Update: STORM CINDY HAS 16% OF GULF OF MEXICO OIL OUTPUT SHUT IN: BSEE Tropical Storm Cindy made landfall along the Gulf Coast Thursday as meteorologists called for a third day of heavy rains and viciously fast winds in the region. Show More Summary
This evening, Tropical Storm Cindy is churning in the northwestern Gulf of Mexico, southeast of Houston. Its counterclockwise winds are raking the Gulf and pushing a plume of tropical moisture into the Southeastern U.S.; so far, theShow More Summary
ABC News' Eva Pilgrim has the latest updates on Tropical Storm Cindy from New Orleans.
Facing incoming Tropical Storm Cindy, offshore oil and gas operators in the Gulf of Mexico have begun evacuating platforms and rigs as the storm moves north-westward toward the U.S. Gulf Coast. Data from offshore operator reports submitted to…
By Brian K. Sullivan (Bloomberg) — Tropical Storm Cindy, which has already shut energy production in the Gulf of Mexico, disrupted shipping and forced workers off oil and gas platforms, is now bearing down on the Texas-Louisiana coastline. Show More Summary
Tropical Storm Cindy has strengthened in the central Gulf of Mexico, and it will be a soaker, bringing potentially life-threatening flooding concerns to parts of the Gulf Coast through late this week. Gusty winds, rip currents and isolated tornadoes are also expected. Show More Summary
Tropical Storm Cindy is south of Louisiana and moving northwest in the Gulf of Mexico. A tropical storm warning was issued from from San Luis Pass, Texas, to the Alabama-Florida border. Some areas could get a storm surge reaching three feet. (June 21)
1:25 p.m. - The disturbance in the Gulf of Mexico has been upgraded to Tropical Storm Cindy.
(Reuters) - Tropical storm Cindy has strengthened over the central Gulf of Mexico and is expected to produce heavy rainfall that could cause life-threatening flash flooding across portions of the northern Gulf Coast, the U.S. National Hurricane Center said on Tuesday.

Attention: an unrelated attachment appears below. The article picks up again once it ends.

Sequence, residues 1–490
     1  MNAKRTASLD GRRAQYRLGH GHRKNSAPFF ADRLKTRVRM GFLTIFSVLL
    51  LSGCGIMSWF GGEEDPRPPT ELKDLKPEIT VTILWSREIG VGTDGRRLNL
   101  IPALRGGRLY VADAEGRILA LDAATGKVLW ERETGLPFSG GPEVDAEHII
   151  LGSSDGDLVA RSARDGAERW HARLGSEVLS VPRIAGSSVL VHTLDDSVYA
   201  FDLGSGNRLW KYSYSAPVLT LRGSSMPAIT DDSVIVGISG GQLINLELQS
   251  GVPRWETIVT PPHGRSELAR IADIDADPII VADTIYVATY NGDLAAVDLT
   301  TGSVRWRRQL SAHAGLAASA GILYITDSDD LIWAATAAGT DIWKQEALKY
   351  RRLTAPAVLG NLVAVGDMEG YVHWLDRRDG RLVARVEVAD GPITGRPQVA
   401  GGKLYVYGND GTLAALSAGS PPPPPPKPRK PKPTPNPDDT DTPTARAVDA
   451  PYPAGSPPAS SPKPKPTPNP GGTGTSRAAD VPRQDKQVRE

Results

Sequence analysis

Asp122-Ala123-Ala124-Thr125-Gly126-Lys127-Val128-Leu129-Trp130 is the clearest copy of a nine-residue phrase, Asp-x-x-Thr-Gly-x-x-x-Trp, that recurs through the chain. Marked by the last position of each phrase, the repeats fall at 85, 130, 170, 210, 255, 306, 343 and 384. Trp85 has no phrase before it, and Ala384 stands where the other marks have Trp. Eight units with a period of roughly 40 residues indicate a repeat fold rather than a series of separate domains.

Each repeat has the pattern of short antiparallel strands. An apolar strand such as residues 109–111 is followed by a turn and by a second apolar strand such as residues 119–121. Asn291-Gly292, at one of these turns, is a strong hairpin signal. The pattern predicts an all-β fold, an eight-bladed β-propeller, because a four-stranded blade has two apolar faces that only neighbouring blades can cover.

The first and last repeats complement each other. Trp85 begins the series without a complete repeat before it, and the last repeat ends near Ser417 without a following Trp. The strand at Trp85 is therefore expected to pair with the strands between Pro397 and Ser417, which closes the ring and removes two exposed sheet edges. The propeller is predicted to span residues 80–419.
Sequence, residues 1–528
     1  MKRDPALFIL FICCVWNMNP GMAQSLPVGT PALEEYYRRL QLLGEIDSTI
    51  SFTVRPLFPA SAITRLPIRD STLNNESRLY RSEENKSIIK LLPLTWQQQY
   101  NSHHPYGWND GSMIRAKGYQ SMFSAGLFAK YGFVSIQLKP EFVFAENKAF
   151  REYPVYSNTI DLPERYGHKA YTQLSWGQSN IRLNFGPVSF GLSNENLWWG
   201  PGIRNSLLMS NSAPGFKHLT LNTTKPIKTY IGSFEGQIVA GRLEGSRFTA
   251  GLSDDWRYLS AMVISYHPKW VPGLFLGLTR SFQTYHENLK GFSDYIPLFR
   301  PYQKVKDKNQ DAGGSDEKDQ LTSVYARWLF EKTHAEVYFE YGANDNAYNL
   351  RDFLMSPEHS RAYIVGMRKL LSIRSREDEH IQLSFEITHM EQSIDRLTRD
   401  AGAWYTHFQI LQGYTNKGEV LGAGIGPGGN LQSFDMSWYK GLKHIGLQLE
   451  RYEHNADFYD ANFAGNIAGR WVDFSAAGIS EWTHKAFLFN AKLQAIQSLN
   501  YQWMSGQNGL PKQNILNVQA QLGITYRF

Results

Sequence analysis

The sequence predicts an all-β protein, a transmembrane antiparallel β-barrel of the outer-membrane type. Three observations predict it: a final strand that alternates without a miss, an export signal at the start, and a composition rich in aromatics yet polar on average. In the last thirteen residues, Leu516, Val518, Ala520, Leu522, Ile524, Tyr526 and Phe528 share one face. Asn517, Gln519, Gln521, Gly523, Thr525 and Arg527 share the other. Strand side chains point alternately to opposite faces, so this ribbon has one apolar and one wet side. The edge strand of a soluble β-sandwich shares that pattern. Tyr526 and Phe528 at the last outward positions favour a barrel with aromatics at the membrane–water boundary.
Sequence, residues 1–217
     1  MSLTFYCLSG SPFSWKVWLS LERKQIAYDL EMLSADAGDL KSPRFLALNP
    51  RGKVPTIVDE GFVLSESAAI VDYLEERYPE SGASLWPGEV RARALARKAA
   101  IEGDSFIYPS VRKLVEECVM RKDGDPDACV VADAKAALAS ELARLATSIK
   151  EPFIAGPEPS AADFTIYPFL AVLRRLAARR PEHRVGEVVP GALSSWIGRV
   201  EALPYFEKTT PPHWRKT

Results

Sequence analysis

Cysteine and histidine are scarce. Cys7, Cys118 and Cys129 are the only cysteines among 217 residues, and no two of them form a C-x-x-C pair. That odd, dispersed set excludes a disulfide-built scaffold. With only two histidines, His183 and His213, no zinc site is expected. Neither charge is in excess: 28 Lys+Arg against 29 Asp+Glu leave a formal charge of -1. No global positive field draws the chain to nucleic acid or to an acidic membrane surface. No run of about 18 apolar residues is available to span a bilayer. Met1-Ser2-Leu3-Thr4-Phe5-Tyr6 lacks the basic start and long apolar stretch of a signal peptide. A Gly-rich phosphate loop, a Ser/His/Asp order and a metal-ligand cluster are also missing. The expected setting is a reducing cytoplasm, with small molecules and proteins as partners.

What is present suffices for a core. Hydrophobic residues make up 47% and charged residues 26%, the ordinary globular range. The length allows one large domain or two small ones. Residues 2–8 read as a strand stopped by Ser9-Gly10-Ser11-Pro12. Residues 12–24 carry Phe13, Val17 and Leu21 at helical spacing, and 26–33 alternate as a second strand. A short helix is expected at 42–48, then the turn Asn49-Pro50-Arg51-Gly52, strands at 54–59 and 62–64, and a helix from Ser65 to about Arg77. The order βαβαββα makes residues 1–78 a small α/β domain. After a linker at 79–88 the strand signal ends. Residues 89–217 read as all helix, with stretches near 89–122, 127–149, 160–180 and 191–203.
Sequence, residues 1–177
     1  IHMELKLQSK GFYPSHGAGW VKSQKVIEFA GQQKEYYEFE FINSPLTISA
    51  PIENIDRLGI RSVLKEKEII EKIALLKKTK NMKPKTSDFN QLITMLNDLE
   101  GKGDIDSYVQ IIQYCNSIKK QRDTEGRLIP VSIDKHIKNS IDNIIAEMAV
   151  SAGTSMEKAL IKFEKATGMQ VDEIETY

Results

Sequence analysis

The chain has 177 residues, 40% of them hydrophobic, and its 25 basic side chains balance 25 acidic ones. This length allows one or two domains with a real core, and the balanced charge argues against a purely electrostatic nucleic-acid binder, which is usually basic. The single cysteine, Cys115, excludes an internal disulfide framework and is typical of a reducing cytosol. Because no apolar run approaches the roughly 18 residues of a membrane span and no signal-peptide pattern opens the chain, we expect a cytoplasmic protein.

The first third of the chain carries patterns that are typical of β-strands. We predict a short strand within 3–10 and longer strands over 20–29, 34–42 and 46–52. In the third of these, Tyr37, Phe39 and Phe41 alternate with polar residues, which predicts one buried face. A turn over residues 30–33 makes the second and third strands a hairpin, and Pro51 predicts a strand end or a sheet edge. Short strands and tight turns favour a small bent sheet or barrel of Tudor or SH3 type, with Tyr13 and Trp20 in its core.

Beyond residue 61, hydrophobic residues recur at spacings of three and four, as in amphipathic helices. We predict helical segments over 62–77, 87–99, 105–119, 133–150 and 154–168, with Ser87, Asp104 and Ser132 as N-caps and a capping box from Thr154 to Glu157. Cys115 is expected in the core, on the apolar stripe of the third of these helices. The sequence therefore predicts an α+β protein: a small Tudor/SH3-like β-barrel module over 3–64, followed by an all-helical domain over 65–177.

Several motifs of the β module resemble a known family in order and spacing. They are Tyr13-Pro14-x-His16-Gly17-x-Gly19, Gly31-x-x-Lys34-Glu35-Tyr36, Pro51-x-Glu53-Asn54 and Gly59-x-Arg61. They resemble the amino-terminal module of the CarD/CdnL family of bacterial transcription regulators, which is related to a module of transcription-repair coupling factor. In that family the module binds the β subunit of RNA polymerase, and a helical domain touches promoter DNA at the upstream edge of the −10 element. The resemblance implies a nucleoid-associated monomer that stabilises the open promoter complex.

By Brian K. Sullivan (Bloomberg) — Tropical Storm Cindy has halted service at a major oil terminal in the Gulf of Mexico, prompted some evacuations at rigs and platforms and put states from Texas to Florida on notice for flooding rains. Show More Summary
Oil traders from Texas to Louisiana braced on Tuesday for supply disruptions as Tropical Storm Cindy, formed in the U.S. Gulf of Mexico, threatened to hit refining and production centers with wind and rain later this week. Cindy was located about 265 miles (430 km) south of Morgan City…
(Reuters) - Tropical Storm Cindy was meandering over the central Gulf of Mexico, the National Hurricane Center said on Tuesday.
Tropical Storm Storm Cindy is now officially churning in the Gulf of Mexico, with a predicted landfall in a few days along the Texas-Louisiana border. That track could, of course change. And as meteorologists on the Weather Channel note,...Show More Summary
The storm is threatening to spread heavy rain across a wide area.
Tropical Storm Cindy formed Tuesday in the Gulf of Mexico and began churning heavy rain bands toward the northern Gulf Coast, where Louisiana shuttered flood gates and parts of three … Click to Continue »
(Reuters) - Tropical Storm Cindy, the third named storm of the 2017 Atlantic hurricane season, has formed over the Gulf of Mexico, the U.S. National Hurricane Center said on Tuesday.
(Reuters) - Oil traders from Texas to Louisiana braced on Tuesday for supply disruptions as a potential tropical storm developing in the U.S. Gulf of Mexico threatened to hit refining and production centers with wind and rain later this week.
The Latest on tropical weather (all times local): 10:15 a.m. Coastal residents are feeling the effects of a severe storm system that's churning in the Gulf of Mexico. Police say … Click to Continue »
(NASA/Goddard Space Flight Center) NASA's Global Precipitation Measurement mission or GPM core satellite passed over a developing low pressure area in the Gulf of Mexico and gathered two days of rainfall and storm height information. The disturbance could become Tropical or Sub-tropical Storm Cindy in the next couple days.
At asphalt volcanoes in the Gulf of Mexico that spew oil, gas and tar, mussels and sponges live in symbiosis with bacteria providing them with food. Scientists from the Max Planck Institute for Marine Microbiology and colleagues from...Show More Summary